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Who really came up with China's 'four new inventions'?

来源:BBC 作者: 时间:2018-04-03 Tag: 点击:

Claim: China invented high-speed rail, mobile payment, e-commerce, and bike-sharing.

Reality Check verdict: China did not invent any of these technologies - but it has led the way in their widescale implementation.

This is a claim that has repeatedly come up in Chinese state media since May 2017.


It was most recently repeated at China's National People's Congress (NPC) by Pony Ma - an NPC delegate who's better known as the chief executive of the Chinese internet giant Tencent. He's also the richest man in China, according to the Hurun Global Rich List.

"We have a new phrase called the 'new four great inventions' in China, including high-speed railway, online shopping, mobile payment and sharing bikes," he told journalists at the NPC.

But these technologies did not originate in China and were first devised decades ago.

Where did the claim come from?

The provenance of the claim appears to be a Beijing Foreign Studies University survey from May 2017, which asked young people from 20 countries to list the technology they "most wanted to bring back" to their country from China.

The respondents' top answers were high-speed rail, mobile payment, bike sharing, and e-commerce.

Since then, Chinese media and officials have drawn on this to promote these technologies as China's "four new great inventions" in modern times.

Why keep making the claim?

The term "four new inventions" harks back to the "four great inventions" of ancient China - papermaking, gunpowder, printing and the compass.

China has been putting strong emphasis on technological advancement as it seeks to become what it calls an "innovation nation" by 2020.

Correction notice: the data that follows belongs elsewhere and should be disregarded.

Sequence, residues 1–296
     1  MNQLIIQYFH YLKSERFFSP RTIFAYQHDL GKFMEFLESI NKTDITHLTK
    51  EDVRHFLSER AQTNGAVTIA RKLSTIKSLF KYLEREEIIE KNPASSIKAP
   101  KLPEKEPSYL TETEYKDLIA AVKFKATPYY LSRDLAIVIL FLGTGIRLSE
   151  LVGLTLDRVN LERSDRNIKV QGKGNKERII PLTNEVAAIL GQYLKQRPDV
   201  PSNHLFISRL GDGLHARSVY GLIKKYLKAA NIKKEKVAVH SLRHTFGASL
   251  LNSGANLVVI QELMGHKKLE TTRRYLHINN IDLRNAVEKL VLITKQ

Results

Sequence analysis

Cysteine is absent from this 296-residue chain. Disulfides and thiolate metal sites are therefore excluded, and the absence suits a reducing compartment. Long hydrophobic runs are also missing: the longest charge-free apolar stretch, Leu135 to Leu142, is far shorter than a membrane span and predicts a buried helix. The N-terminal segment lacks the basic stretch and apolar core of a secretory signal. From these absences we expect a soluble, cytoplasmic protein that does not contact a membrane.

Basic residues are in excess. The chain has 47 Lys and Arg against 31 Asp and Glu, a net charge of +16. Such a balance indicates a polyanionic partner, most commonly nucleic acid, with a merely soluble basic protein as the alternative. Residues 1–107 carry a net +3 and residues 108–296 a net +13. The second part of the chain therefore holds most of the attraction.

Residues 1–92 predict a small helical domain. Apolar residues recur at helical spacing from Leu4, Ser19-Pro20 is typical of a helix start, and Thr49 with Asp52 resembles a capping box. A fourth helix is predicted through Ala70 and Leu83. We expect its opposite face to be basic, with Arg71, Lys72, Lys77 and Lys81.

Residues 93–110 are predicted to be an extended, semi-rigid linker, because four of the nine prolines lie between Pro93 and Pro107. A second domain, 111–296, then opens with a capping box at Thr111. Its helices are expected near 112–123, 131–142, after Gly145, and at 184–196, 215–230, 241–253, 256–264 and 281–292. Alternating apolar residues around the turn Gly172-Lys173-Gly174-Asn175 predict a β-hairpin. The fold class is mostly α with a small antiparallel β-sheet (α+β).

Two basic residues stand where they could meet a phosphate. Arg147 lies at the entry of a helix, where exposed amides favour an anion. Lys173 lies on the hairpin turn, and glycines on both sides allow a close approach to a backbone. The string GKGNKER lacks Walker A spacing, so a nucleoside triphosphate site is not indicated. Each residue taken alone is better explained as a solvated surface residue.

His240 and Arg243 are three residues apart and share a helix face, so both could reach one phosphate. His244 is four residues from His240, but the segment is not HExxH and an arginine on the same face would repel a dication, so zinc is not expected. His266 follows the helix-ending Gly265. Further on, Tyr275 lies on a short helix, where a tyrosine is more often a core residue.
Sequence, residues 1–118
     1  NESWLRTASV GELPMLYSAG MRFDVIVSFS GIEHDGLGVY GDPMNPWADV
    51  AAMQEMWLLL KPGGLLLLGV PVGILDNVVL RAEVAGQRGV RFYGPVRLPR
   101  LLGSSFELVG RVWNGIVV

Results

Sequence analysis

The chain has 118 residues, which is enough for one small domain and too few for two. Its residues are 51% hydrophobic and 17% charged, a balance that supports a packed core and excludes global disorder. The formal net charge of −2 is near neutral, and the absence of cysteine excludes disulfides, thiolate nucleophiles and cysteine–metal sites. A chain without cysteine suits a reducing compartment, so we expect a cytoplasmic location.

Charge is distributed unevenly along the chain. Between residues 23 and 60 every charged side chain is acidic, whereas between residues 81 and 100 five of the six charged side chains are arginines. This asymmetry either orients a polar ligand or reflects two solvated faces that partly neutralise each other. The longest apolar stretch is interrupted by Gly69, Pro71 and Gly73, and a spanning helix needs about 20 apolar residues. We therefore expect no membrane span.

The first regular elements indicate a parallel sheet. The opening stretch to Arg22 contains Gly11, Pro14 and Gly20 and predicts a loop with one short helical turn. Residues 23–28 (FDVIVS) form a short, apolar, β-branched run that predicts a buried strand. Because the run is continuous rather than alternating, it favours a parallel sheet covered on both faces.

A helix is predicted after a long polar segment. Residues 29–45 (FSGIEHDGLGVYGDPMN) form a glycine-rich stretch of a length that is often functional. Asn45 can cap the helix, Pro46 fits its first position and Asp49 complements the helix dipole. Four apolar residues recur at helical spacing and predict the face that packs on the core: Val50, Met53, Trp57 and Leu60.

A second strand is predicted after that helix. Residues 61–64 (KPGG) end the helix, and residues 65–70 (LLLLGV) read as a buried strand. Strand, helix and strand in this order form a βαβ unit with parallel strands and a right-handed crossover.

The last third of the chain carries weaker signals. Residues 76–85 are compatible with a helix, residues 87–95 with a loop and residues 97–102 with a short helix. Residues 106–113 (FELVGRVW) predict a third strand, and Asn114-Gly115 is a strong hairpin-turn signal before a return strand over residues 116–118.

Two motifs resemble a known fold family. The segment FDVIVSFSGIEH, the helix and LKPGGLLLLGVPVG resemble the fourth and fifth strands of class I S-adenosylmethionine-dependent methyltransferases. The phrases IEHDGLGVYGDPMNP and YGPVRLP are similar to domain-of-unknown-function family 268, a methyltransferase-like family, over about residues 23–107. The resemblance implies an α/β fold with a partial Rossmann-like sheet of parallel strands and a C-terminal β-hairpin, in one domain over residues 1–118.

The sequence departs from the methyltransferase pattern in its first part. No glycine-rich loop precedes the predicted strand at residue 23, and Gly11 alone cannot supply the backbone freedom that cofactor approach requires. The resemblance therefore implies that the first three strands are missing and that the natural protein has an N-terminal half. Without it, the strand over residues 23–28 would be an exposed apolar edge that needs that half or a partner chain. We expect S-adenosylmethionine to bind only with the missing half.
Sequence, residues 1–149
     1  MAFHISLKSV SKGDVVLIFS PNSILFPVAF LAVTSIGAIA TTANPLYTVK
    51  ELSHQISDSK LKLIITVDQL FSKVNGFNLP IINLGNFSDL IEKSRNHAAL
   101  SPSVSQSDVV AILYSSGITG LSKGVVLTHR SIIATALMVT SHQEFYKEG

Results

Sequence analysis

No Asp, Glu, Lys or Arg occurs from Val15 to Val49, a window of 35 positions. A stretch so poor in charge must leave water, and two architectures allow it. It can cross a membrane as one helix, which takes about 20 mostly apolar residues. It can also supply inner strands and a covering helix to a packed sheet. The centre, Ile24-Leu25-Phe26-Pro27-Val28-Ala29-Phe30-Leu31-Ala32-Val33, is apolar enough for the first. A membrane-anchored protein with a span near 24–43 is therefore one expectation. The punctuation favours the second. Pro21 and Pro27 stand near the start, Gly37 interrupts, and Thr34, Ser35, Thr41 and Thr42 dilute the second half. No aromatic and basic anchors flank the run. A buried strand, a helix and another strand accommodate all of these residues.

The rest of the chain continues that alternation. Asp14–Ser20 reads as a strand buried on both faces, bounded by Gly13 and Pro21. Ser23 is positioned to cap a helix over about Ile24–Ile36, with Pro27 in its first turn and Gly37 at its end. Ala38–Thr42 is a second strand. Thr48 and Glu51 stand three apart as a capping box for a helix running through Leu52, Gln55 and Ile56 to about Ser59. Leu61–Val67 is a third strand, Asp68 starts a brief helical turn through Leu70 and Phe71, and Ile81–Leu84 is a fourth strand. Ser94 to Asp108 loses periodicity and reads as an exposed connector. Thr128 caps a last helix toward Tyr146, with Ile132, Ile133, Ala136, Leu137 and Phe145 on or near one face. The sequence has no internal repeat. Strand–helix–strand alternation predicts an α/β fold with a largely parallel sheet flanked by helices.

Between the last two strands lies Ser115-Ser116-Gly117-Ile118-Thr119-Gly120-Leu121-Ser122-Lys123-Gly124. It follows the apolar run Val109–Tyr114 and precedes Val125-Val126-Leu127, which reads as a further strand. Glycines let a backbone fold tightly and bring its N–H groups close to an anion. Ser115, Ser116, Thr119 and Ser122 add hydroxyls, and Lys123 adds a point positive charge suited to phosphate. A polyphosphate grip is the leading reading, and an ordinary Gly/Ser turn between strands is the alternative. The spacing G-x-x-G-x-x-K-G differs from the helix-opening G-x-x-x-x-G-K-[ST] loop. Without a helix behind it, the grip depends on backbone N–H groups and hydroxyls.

"After years of subordination to the technological supremacy of developed nations in the West, China has come to realise the importance of developing core technologies on its own. Only by doing so can it truly gain independence and win respect from both partners and competitors," the Xinhua news agency says.

Already, China is the second-largest spender on research and development after the US, accounting for 21% of the world's total of nearly $2 trillion in 2015, according to the World Economic Forum.

High-speed rail

There is no standardised definition of what constitutes "high-speed rail." The European Union defines "high-speed" as at least 250km/h (155mph) on new tracks, and 200km/h on older tracks.

According to the Worldwide Rail Organisation (UIC), the first high-speed train service began in 1964 - Japan's Shinkansen or bullet train.

There had been significant speed records set before in Europe - in France, a train reached 331 km/h in 1955 - but the Tokyo to Osaka line was the first regular service to travel that fast - the first trains had a maximum speed of 210 km/h.

China opened its first high-speed rail line in 2008, from Beijing to Tianjin, just ahead of the Olympic Games.

Mobile payments

Some of the first payments by a mobile device were made in 1997 in Finland.

Local news reports from the time (in Finnish) stated that Telecom Finland had enabled a music jukebox and drinks vending machines to be operated by calling a payphone number - including Coca-Cola machines in Helsinki Airport.

However, some argue that mobile payment technology truly began when Apple Pay made its debut in 2014.



Englishman Michael Aldrich is credited with inventing the online shopping concept in 1979.


Using a technology called Videotex, Mr Aldrich connected an ordinary TV set to the local retailer's computer via a telephone line.

But it wasn't until the 1990s that e-commerce became popular, when Amazon and eBay launched their websites in 1995.


Lastly, the first bike-sharing concept - called the "white bicycle plan" - was introduced in Amsterdam in the 1960s by the Dutch counterculture movement Provo. However, the bikes were confiscated by the police in case they encouraged theft.

The first large-scale bike sharing schemes began in the 1990s in European cities - Copenhagen is credited with introducing the first.

But Chinese firms like Mobike and Ofo are at the forefront of "dockless" bike-sharing, a new system where users locate bikes with their smartphone, and drop them off anywhere without the need to park them at a specific dock.


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